Sakai et al (1997)0.133-0.178CSTR
Kobayashi et al (2001)0.250CSTR
Slevers et al (2004)0.395CSTR
PFR in RAS0.05PFR
PFR in Digester0.01-0.03PFR
WERF 2004 Sludge0.2-0.4CSTR
Minimization Study*

Sludge Ozonation for Foam and Bulking Control

Foaming and bulking problems in wastewater treatment operations are generally caused by the presence of an abundance of filamentous bacteria such as Nocardia and Parvicella in the wastewater. The present sludge ozonation process in a plug flow type reactor or other high selectivity reactor can be tailored to reduce filamentous bacteria populations which, in turn, lead to a reduction or elimination in foam and a reduction in bulking in the aerobic basin, the digesters, or the anoxic/anaerobic sections of the wastewater treatment system.

For purposes of controlling foaming and bulking, the introduction of ozone into a diverted stream within the plug flow type reactor or other high selectivity reactor is preferably a tightly controlled process. In particular, the ozone used during such ozonation process for foam and bulking control is preferably maintained within the range of about 0.04 to about 5.0 g of ozone per day per kg of sludge in the aerobic basin, and more preferably the range of about 0.1 to about 1.5 g of ozone per day per kg of sludge in the aerobic basin. By using such optimized, small dosages of ozone, the ozone reaction within the plug flow type reactor or other high selectivity reactor is concentrated on the filamentous organisms with minimal impact on other microbial populations. Excessive dosages of ozone will affect the non-filamentous organisms in addition to the filamentous organisms. Higher ozone dosages may also be employed, depending on the degree of general cell lysis desired in addition to filament control.

Ozone Dosing

In utilizing the presently disclosed embodiments of the described sludge ozonation process, it is desirable to control selected parameters, either through design of the system or in operation of the system. Preferably, the rate of ozone supplied for dissolution is correlated to the rate of reaction of biosolids with the dissolved ozone along the length of the plug flow reactor. This correlation of the ozone supply with the rate of biosolids reaction within the plug flow reactor avoids over-supply or under-supply of ozone and thereby promotes the efficient use of ozone for cell lysis while avoiding the use of ozone gas for the secondary reactions. Preferably, by varying the volume of sludge that is diverted and processed through the plug flow type reactor, closely managing the residence time distribution of the sludge within the plug flow type reactor, or varying the ozone dosage, it is possible to precisely control the ozonation of the sludge.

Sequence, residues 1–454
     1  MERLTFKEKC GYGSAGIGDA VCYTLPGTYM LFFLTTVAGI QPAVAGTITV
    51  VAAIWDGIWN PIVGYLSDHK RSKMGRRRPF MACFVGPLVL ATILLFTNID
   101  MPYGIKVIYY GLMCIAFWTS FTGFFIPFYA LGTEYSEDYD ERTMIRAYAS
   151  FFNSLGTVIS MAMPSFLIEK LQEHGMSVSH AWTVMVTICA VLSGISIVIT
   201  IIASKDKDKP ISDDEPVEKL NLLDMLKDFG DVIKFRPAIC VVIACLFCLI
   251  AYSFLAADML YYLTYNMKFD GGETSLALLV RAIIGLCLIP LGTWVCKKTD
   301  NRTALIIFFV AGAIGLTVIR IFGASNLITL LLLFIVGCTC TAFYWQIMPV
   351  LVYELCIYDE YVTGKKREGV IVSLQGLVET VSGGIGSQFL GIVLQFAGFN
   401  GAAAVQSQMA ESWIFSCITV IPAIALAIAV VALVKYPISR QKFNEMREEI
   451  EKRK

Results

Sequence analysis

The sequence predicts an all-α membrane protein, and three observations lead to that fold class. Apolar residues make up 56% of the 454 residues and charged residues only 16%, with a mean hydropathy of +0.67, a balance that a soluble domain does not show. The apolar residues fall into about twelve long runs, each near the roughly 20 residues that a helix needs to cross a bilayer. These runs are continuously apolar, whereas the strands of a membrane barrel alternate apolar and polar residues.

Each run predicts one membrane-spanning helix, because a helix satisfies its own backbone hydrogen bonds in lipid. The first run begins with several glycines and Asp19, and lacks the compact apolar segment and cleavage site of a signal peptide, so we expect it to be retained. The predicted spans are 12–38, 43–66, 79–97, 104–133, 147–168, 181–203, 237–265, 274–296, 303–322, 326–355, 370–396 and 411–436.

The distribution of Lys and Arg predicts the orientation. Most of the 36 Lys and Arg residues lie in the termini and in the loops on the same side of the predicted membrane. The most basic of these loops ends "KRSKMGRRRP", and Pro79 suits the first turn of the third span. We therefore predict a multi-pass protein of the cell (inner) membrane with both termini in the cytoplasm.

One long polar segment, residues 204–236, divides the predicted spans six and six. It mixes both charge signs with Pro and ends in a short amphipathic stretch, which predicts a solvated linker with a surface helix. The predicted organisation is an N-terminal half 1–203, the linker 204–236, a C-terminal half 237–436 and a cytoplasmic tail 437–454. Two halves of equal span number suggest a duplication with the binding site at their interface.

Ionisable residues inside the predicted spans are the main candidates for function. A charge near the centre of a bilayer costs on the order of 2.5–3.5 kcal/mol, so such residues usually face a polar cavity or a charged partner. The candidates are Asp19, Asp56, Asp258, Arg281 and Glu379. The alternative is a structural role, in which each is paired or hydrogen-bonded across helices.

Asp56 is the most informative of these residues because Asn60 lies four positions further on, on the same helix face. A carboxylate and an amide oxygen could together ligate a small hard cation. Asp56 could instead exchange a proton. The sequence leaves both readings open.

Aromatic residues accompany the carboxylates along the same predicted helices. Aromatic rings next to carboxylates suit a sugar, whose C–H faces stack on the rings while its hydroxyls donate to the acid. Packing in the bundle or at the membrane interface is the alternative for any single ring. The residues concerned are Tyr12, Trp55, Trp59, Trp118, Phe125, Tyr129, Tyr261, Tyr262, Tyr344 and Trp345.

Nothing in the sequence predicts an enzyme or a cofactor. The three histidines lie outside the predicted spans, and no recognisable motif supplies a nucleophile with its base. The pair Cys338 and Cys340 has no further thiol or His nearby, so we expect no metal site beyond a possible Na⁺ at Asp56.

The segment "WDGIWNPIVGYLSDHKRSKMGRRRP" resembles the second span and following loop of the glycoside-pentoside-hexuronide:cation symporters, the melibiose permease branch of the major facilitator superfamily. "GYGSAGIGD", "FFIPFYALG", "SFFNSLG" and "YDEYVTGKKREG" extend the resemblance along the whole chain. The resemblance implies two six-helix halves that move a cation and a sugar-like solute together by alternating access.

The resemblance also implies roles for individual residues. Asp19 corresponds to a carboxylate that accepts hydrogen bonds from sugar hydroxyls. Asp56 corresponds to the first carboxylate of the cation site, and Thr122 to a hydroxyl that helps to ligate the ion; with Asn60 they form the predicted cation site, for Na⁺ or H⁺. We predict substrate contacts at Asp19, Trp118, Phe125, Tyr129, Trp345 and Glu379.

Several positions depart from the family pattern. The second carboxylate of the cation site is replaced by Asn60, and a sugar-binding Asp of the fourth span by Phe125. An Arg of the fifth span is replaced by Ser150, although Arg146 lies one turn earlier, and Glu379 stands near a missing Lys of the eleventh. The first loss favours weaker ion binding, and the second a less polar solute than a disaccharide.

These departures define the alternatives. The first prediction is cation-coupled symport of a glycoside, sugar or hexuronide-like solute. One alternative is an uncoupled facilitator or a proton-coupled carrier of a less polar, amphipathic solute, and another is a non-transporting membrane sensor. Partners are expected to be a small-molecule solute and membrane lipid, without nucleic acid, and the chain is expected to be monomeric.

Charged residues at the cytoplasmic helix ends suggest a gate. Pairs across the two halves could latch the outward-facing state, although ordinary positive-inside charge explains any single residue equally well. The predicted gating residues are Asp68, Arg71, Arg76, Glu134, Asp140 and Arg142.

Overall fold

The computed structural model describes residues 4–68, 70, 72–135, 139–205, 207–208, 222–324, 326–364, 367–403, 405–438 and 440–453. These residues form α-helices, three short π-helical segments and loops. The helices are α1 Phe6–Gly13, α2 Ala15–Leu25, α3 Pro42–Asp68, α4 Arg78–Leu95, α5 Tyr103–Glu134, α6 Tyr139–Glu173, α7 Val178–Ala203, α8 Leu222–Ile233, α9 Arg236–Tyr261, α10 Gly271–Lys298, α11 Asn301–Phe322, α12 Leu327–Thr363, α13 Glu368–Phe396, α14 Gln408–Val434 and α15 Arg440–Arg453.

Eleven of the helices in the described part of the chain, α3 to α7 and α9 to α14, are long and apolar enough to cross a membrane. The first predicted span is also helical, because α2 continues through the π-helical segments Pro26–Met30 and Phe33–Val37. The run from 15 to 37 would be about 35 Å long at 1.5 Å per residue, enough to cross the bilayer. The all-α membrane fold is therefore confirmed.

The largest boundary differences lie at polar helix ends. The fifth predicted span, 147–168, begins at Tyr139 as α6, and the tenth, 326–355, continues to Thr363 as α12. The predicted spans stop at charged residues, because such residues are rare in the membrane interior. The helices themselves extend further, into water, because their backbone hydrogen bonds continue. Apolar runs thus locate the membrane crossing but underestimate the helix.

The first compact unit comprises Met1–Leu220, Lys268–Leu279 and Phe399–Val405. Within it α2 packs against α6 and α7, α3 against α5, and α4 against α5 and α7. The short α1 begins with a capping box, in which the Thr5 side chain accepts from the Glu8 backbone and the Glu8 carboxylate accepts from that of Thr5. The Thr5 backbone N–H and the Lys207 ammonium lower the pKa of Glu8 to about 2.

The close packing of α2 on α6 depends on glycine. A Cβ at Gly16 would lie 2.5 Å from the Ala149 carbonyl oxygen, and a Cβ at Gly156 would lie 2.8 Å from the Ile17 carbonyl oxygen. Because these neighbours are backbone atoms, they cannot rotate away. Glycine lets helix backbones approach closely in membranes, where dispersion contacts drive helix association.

Alternatively, the high selectivity or plug flow type reactors can be designed and operated in a manner where several passes through the reactor are required to achieve the desired ozonation results. Operating the system with several passes of the sludge through the reactor may also allow operation under a desired upper limit of gas-to-liquid ratio, to maintain the desired multiphase flow characteristics in the reactor for efficient mass transfer and reaction.

Where the purpose of the sludge ozonation is to optimize sludge reduction and the ozonated sludge is returned to the aeration basin, the ozone dosage in the plug flow reactor is preferably within the range of about 0.04 g to about 40.0 g of ozone per day per kg of sludge, and more preferably in the range of about 1.0 g to about 20.0 g of ozone per day per kg of sludge to ensure the ozonation of both filamentous organisms and non-filamentous organisms, and still more preferably, in the range of about 2.0 g to about 6.0 g of ozone per day per kg of sludge. The preferred residence time distribution in the plug flow type reactor for such application ranges from about 10 seconds to about 60 seconds